Physics are a moot point without an environmental simulation.
In the real world there is no such thing as as a perfect setup or a perfect lap. Conditions constantly evolve lap by lap and hour by hour. A perfect setup at midday can be half a second off the pace in the evening.
This is why the push for better tyre physics has never really interested me. I would be more interested in a Donington style airport next to Blackwood, or some greasy corners under overhanging trees at Fern Bay.
The problem with a static environment like LFS is that it is possible to achieve "perfection by repetition" and for me this in no way reflects the reality of doing a days racing.
Weather and localised environmental factors mostly come hand in hand with the ability to represent them in the graphical engine. There should be a local nuance to every circuit - Aston feels exposed and should be windy, Westhill is supposed to be on a hill in Britain and so should be exposed to the elements. South city should have drain covers and tarmac patches that affect the grip differently in different conditions - and the conditions should always be evolving.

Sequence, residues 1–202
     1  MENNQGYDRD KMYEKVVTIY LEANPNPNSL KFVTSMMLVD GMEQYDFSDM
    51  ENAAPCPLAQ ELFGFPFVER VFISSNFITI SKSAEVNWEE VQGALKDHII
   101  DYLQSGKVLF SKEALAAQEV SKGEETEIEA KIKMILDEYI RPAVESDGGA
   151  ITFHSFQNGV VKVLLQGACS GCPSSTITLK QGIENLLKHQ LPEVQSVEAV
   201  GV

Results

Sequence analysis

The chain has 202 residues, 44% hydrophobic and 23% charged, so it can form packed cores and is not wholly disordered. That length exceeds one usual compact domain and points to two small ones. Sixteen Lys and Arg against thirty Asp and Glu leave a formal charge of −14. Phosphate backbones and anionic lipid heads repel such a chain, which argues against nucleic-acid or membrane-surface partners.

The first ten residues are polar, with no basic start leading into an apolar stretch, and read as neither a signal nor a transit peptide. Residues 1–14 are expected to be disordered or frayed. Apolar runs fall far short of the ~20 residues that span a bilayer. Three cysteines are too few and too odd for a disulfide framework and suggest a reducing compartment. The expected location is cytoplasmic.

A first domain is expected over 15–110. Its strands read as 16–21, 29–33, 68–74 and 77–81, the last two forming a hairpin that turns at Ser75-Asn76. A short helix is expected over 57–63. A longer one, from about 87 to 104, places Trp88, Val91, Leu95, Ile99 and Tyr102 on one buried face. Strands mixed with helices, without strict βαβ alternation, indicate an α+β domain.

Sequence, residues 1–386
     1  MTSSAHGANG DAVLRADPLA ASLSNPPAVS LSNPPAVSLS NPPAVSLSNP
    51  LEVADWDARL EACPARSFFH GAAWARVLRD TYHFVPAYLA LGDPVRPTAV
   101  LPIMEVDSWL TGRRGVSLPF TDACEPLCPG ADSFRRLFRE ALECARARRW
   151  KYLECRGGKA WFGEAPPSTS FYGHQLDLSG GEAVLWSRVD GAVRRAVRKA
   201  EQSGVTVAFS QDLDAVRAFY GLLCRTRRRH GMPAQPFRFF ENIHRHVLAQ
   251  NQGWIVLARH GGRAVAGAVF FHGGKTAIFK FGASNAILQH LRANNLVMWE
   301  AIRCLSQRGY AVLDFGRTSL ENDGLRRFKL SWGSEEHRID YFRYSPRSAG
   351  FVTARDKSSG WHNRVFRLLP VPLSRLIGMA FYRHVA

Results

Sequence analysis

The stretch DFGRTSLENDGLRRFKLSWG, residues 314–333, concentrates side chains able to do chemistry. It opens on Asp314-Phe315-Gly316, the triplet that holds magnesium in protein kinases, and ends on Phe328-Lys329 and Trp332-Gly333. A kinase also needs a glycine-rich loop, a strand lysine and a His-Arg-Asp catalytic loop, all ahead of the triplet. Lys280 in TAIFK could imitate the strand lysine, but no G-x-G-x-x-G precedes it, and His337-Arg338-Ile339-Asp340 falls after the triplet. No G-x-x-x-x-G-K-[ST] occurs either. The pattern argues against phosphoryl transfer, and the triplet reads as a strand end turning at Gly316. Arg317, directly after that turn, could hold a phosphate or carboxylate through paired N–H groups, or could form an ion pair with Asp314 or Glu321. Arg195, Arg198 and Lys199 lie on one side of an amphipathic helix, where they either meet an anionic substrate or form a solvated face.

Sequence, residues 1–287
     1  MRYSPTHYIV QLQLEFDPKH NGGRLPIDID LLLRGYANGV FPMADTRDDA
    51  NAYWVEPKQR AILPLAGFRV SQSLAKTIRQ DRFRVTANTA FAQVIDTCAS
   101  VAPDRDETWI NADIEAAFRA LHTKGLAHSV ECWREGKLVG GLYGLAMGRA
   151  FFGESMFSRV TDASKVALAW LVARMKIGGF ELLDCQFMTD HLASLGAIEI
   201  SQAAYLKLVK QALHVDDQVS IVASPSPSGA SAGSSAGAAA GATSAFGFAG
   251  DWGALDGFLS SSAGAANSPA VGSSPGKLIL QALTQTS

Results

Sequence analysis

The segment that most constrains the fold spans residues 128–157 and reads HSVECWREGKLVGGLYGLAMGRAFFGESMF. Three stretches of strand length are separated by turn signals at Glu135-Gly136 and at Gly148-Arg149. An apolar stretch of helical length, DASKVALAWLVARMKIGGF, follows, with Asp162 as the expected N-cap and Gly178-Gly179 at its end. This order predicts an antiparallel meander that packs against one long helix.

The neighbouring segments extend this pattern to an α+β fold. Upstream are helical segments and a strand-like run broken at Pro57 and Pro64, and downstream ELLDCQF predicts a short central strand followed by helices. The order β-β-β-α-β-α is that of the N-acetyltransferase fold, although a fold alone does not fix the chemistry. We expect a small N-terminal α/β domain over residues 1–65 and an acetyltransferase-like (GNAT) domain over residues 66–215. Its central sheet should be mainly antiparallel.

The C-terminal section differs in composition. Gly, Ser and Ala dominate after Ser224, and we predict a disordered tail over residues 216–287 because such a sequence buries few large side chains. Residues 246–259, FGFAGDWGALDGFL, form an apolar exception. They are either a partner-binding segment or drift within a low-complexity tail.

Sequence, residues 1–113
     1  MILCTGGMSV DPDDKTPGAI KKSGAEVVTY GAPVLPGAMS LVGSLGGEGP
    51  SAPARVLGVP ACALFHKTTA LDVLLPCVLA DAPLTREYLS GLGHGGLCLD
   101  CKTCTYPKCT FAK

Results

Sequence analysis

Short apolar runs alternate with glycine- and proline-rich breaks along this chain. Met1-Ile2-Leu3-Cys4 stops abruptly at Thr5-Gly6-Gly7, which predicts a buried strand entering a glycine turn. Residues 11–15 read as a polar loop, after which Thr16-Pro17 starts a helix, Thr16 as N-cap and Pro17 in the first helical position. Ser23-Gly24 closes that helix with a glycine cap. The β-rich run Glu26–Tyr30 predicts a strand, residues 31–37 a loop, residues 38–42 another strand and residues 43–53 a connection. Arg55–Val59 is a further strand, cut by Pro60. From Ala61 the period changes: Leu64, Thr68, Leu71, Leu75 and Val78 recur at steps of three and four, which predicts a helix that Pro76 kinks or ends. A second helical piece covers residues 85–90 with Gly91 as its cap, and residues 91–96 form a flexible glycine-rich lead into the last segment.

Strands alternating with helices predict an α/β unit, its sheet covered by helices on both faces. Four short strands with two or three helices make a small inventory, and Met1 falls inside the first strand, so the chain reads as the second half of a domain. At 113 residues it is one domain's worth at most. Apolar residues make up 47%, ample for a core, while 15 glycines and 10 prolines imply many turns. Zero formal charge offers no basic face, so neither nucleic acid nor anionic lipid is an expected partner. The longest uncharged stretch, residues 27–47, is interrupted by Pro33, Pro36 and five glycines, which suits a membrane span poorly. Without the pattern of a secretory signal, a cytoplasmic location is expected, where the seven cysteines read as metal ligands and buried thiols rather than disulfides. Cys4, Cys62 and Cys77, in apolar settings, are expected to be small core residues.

This is what a simulation needs to be. All sims seem to focus on tyres and I've never felt that LFS was lacking in this department, environment always gets overlooked.
The aerodynamics model in LFS has always been the weaker, go look at downforce cars at club racing and you'll note that the cars in each train of cars generally follow each other at more or less the same distance apart.